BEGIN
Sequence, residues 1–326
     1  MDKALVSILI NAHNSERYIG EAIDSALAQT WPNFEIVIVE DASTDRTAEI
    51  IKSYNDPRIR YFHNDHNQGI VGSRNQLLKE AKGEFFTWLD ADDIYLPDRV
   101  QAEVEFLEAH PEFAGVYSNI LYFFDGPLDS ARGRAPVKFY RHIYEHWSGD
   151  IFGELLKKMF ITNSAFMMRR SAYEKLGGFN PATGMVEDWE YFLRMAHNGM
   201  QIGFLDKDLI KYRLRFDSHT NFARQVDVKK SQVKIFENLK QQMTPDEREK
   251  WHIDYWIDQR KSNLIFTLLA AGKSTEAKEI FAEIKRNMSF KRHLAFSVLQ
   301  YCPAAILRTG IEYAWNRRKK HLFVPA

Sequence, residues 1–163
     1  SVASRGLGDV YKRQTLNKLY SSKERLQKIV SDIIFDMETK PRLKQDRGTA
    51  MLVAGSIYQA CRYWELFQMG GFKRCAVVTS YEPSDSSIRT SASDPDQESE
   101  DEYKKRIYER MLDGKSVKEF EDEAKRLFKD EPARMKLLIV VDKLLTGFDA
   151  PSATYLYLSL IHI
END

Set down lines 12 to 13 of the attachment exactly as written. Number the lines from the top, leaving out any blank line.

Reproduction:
   101  DEYKKRIYER MLDGKSVKEF EDEAKRLFKD EPARMKLLIV VDKLLTGFDA
   151  PSATYLYLSL IHI